The National Organization for Marriage (NOM), which has called for boycotts of Starbucks Coffee and General Mills because they support marriage equality, thinks that Chick-Fil-A deserves ongoing Christian patronage because its CEO Dan Cathy supports "biblical marriage." NOM has called for an ongoing "Chick-Fil-A Wednesday," writing after Mike Huckabee's successful "Chick Fil-A Appreciation Day" conducted August 1, that "… we're calling on all supporters of marriage, free speech and religious liberty to make every Wednesday a "Chick-fil-A Wednesday!"
NOM also urges Christians opposed to marriage equality to send a "thank you" letter to Cathy, which reads in part:
As one of the millions of Americans who firmly believe that marriage is uniquely the union of one man and one woman, I know how hard it can be, despite our majority, to announce this message in a culture increasingly hostile to traditional and especially Christian values. That is why I am writing to you today to honor and to thank you for the heroic example that you have set by your courageous witness – throughout your company history, but most of all in recent weeks.
Despite media spin and bullying of opportunistic politicians, you have continued bravely to stand firm by your Christian beliefs, and you deserve our thanks. The truth of the issue is clear enough: the opponents of marriage are no longer interested in clear-headed and reasonable debate, they simply want to silence anyone who dares disagree with their radical agenda. Thankfully, folks like you give the rest of us courage to continue to present the truth about marriage, knowing that God is on our side and that most Americans still acknowledge this foundational truth – that kids deserve both a mom and a dad.
Chick-Fil-A restaurants are franchise operations with strict rules and acceptance criteria. Cathy and his upper management are not individually responsible for the behavior and practices of individual franchise owners and their management teams; however, some of the alleged behavior taking place at some of the franchises do not seem to reflect "Christian values" that NOM applauds. There have been calls for the Chick-Fil-A upper management to address these practices.
Back in 1980 and when she was 16, Jean Sipes went down to the local Chick-fil-A in Tallahassee, Florida and filled out a job application. After submitting it, the manager came out to interview her. After reviewing the 'Activities/Hobbies' section of the application, the manager asked Jean whether she belonged to a local church.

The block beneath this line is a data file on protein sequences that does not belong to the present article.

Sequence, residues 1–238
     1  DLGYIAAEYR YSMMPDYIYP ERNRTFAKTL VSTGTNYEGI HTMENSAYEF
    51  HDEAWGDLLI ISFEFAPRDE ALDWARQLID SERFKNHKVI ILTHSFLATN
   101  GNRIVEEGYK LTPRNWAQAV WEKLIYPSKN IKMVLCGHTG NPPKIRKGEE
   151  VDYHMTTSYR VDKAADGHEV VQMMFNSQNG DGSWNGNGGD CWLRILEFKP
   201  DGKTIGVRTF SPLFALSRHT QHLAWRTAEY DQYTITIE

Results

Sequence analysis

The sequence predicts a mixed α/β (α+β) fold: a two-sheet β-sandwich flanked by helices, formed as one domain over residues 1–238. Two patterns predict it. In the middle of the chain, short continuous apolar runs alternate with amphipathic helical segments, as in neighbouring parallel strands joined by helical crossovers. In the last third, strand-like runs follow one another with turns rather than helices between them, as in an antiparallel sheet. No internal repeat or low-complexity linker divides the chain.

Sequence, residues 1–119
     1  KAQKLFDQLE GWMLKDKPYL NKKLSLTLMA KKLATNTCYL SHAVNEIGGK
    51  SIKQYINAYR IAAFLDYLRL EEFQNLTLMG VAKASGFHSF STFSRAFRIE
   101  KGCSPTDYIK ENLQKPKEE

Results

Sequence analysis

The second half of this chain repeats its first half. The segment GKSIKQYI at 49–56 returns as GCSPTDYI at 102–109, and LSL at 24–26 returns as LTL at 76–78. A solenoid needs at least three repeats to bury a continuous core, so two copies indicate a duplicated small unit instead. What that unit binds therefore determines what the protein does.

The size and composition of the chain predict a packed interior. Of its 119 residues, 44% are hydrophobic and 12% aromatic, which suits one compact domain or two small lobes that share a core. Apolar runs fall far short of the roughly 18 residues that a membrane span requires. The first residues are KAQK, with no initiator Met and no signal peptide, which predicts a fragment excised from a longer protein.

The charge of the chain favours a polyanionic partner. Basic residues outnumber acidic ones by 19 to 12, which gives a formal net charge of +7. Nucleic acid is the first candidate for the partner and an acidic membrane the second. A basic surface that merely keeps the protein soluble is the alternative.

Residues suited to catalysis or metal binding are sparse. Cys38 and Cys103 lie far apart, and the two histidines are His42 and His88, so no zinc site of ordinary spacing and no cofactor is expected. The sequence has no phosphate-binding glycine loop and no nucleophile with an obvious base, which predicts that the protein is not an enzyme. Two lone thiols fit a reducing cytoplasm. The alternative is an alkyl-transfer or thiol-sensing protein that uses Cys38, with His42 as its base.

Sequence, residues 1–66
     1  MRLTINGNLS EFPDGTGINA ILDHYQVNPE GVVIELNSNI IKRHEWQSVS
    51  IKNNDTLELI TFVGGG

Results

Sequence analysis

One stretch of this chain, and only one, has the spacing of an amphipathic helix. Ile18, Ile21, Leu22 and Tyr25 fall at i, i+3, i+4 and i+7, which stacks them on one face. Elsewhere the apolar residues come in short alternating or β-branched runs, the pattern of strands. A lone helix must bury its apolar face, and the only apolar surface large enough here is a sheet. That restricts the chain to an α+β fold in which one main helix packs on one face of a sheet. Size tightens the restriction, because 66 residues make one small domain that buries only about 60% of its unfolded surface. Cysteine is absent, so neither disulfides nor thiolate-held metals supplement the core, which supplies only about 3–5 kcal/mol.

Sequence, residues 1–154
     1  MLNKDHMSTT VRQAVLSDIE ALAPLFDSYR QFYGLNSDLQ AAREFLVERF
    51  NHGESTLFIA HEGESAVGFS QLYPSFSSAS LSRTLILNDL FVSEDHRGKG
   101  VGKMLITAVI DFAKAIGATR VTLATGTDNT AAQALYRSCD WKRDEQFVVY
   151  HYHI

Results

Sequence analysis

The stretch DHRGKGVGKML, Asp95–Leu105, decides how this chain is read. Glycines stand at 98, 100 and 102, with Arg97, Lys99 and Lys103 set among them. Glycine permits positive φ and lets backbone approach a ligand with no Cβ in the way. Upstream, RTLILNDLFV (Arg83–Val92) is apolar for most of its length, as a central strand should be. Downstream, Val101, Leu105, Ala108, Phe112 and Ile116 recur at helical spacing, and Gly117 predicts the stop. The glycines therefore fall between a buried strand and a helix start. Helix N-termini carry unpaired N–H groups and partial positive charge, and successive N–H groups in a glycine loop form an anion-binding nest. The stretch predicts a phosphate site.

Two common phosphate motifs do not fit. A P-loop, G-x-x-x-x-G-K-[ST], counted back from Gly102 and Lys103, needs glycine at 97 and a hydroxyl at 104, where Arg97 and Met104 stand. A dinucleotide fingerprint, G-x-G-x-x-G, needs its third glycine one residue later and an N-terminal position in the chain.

Jean responded truthfully, telling him that she did not attend a church. The manager then asked if she belonged to any church-affiliated youth groups or organizations. Again, she told him that she did not. According to Jean, the manager replied, "You seem like a nice young lady and you have experience, but I can't hire you because you are not affiliated with a church or church organization."
To this day, Jean will not eat at Chick-Fil-A. "Now, all these years later I see that they are still discriminating against others based on their religious beliefs," Jean said. "It still angers me today and concerns me to see this happening to others."
A sexual harassment case is making its way through the California courts.
Fernando Tafoya is an attorney in San Diego who is representing six women who claim they were sexually harassed by a Chick-fil-A manager, and he says that the actions of the manager are inconsistent with the "pro family" image that Chick-Fil-A claims to have. The women range in age from 18-40 and represent different nationalities and ethnicities.
Tafoya says that the harassment was obscene. According to the attorney (see video embedded below), one woman was forcibly kissed by the manager; the manager put his hand down another woman's shirt and bra and laughed when she protested; the manager put his hand down the pants of other women.
The owner of the store was notified about the allegations, according to Tafoya, and brushed them off. When the plaintiffs continued to pursue their case, Tofoya claims the owner tried to have his clients deported, which would destroy their families.
Tafoya says he not only wants justice for his clients, but he wants Chick-fil-A to improve its sexual harassment policy. The message that Chick Fil-A puts out in its public relations messages is a false one, he claims.